F.E. WARREN AIR FORCE BASE, Wyo. -- --
It wasn’t until later in life that Master Sgt. Tyler Woolverton, 90th Security Forces Squadron flight chief, finally found his life passion for cooking barbeque and competing in cookoffs.
In 2017, Woolverton was an Air Force recruiter living outside of Chicago. Back then, he had a neighbor who spent a lot of time outside barbequing on a large smoker and competing in cookoffs. Woolverton was intrigued by the activity, and asked his neighbor to teach him the art of barbequing.
“At the time, all I had was basic, small grills and I was just messing around, but I wanted to learn how to use a real smoker,” said Woolverton. “The next day, he brought me over at three in the morning and we made 92 pork butts.”
After his introduction into the world of barbeque, Woolverton spent the next year learning his way around a smoker and sharpening his skills. Then in 2018, he was introduced to competition barbeque and in his first cook-off he was awarded a trophy for placing fourth. However, he walked away from his first competition with more than a trophy. He was hooked on competition barbeque and found a passion he would not be able to stop.
Woolverton has now competed in dozens of competitions, won multiple awards and made a name for himself in the competition barbeque world. He competes in the Kansas City Barbeque Society League in the Masters Series, a professional circuit of barbeque competition. There are four categories in his league: brisket, ribs, pork and chicken.
Competition weekends follow a schedule, allowing participants adequate time to prep, cook and meet all the timelines. Friday afternoon, Woolverton begins prepping the meats he will cook at the competition. This includes trimming, to ensure the meats cook evenly, injections, seasonings and a number of other small personal touches that help enhance flavor. Saturdays are early mornings for Woolverton, as he has to wake up around two in the morning to fire up the pits and start cooking. As Saturday progresses, there are turn-in times for each of the four categories. Chicken is turned in first around 12:30 and each other category has a time following close after that.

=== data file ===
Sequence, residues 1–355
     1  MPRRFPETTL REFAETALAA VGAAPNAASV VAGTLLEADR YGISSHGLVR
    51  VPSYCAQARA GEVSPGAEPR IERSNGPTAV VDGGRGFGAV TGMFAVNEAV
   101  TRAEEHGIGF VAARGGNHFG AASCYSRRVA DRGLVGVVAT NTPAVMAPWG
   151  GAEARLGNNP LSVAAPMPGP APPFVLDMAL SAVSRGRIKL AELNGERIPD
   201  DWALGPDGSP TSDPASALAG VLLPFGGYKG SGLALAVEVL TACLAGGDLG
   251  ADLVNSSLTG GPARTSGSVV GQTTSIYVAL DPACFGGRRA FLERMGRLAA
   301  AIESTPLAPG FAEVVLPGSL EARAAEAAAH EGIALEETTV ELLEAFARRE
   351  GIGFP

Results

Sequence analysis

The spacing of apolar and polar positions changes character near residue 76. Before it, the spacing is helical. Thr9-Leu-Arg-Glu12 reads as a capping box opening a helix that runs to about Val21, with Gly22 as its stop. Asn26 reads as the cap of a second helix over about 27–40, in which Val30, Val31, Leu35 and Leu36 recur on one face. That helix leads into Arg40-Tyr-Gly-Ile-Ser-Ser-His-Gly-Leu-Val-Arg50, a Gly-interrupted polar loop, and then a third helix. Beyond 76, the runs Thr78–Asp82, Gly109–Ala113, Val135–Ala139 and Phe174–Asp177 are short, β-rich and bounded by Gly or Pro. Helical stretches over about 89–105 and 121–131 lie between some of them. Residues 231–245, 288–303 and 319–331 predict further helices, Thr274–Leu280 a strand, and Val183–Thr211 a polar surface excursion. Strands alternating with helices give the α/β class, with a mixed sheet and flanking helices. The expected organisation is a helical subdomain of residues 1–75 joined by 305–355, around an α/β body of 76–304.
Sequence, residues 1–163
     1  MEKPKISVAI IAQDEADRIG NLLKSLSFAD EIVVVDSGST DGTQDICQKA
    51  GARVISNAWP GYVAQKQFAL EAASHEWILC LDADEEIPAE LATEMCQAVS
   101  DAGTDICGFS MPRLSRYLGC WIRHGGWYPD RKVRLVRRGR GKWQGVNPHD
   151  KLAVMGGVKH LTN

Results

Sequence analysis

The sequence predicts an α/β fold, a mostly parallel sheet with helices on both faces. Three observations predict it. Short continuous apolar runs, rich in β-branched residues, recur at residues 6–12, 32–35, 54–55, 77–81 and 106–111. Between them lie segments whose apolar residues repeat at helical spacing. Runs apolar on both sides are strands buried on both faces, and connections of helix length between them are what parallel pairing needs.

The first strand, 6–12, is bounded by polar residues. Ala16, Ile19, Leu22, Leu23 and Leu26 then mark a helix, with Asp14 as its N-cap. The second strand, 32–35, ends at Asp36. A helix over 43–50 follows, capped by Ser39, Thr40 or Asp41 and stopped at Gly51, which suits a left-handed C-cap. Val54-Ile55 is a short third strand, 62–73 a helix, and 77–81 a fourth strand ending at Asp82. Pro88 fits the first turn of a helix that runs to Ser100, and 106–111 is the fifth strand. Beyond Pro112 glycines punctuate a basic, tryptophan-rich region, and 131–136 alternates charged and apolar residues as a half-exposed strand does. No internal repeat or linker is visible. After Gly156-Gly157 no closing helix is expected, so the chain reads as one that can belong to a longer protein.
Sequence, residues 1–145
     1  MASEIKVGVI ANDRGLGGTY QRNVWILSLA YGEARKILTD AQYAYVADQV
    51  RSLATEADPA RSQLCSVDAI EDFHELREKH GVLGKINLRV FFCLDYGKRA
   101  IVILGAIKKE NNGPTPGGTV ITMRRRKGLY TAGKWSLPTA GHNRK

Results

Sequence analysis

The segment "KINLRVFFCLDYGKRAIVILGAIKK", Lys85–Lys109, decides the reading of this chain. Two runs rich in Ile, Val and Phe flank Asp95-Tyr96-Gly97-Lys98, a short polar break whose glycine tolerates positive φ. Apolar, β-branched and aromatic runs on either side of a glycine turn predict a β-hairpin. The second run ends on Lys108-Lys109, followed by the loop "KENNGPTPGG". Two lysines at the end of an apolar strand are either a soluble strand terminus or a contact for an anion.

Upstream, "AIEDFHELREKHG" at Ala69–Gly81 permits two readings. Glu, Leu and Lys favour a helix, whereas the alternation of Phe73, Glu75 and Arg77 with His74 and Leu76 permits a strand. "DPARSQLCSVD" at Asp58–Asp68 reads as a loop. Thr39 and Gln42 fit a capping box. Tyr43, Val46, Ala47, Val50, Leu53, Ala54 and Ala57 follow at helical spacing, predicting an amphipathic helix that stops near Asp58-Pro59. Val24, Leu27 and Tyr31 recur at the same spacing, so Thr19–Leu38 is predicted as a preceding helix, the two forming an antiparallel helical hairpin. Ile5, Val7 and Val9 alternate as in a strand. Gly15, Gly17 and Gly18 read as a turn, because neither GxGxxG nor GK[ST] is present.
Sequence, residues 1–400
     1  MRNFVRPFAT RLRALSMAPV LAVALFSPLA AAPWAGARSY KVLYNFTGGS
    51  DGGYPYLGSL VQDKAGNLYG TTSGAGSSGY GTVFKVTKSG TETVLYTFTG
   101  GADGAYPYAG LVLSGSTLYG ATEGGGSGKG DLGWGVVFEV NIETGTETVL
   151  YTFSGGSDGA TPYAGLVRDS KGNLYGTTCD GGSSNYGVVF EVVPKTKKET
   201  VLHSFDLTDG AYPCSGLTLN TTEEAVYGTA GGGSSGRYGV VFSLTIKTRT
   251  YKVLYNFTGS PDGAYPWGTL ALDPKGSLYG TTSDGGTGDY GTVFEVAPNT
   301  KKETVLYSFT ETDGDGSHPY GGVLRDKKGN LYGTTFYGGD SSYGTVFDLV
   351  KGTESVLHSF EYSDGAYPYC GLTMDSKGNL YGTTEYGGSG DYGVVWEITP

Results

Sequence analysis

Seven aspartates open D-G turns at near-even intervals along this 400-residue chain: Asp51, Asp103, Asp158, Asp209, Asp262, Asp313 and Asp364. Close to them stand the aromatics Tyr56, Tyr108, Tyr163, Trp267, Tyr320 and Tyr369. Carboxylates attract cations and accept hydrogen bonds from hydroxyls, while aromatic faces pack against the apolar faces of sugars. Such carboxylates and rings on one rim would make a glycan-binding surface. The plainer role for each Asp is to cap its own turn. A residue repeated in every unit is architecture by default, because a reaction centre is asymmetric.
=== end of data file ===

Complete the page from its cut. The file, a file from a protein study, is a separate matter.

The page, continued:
“At turn-in time, I prepare the meat and box it,” said Woolverton. “Take brisket for example: each slice has to be exactly the same size, same color, same texture and same taste. In the bottom of the container, there has to be some kind of green leaf, like lettuce or kale, made all pretty. When the meat goes in, it has to be visually appealing and it almost looks fake.”
The box is turned into the judges as a blind box, meaning it is assigned a number and the judge has no idea who it belongs to. First the judges look at the visual appearance of the meat, then they take one small bite to test texture and flavor. In that one bite, the judges look for the salt amount, smoke amount, how sweet it is and they look to see if all the ingredients and steps come together properly. Each judge’s score is tallied up for a total score, and then cooks like Woolverton claim their awards.
Professional competitions like Woolverton competes in, often have between $20-50,000 in prizes and places one through 10 are payable. Woolverton recently won a category at the Wild West BBQ cook-off in Lamar, Colorado, and was awarded the title Colorado State Champion for pork.
Woolverton will also be representing the U.S. Air Force at the Battle of the Branches, a cook off put on by Mission Zero Hundred Hours, a nonprofit organization geared toward battling active duty military and veteran suicide rates. At the cookoff, veterans and active duty members team up with BBQ world champions. The champions guide and mentor the service members, but do not help with the cooking. The winner is crowned the best pitmaster in the Department of Defense. Woolverton will travel to Missouri in the spring to compete in this competition. However, Woolverton does not compete just for awards, but because he loves this hobby.
“I like the amount of work and care and love that is put into this, from prepping the meats to attending the fires and seeing it finished as a food item,” said Woolverton. “My favorite thing about BBQ is seeing people's faces light up when they try the food I have made. I love to feed people and see the happiness from something as simple as BBQ brings.”
Woolverton enjoys cooking for the Airmen in his flight and all the members of the 90 SFS. Once a month, he tries to cook for his fellow Airmen, whether it is full on brisket or simply homemade burgers.
He also enjoys sharing his passion with others.
“I enjoy bringing folks out to competitions with me, because it is an experience not many people know about but it’s fun,” said Woolverton. “And for people just starting, practice, practice, practice. It does take time, so don’t give up; but, the biggest thing is just to have fun.”
Woolverton’s goal is to retire from the Air Force and go into the BBQ industry, where he will be able to travel to and compete in many different competitions. But for the time being on active duty, he hopes to compete in at least four professional competitions in the 2023 season.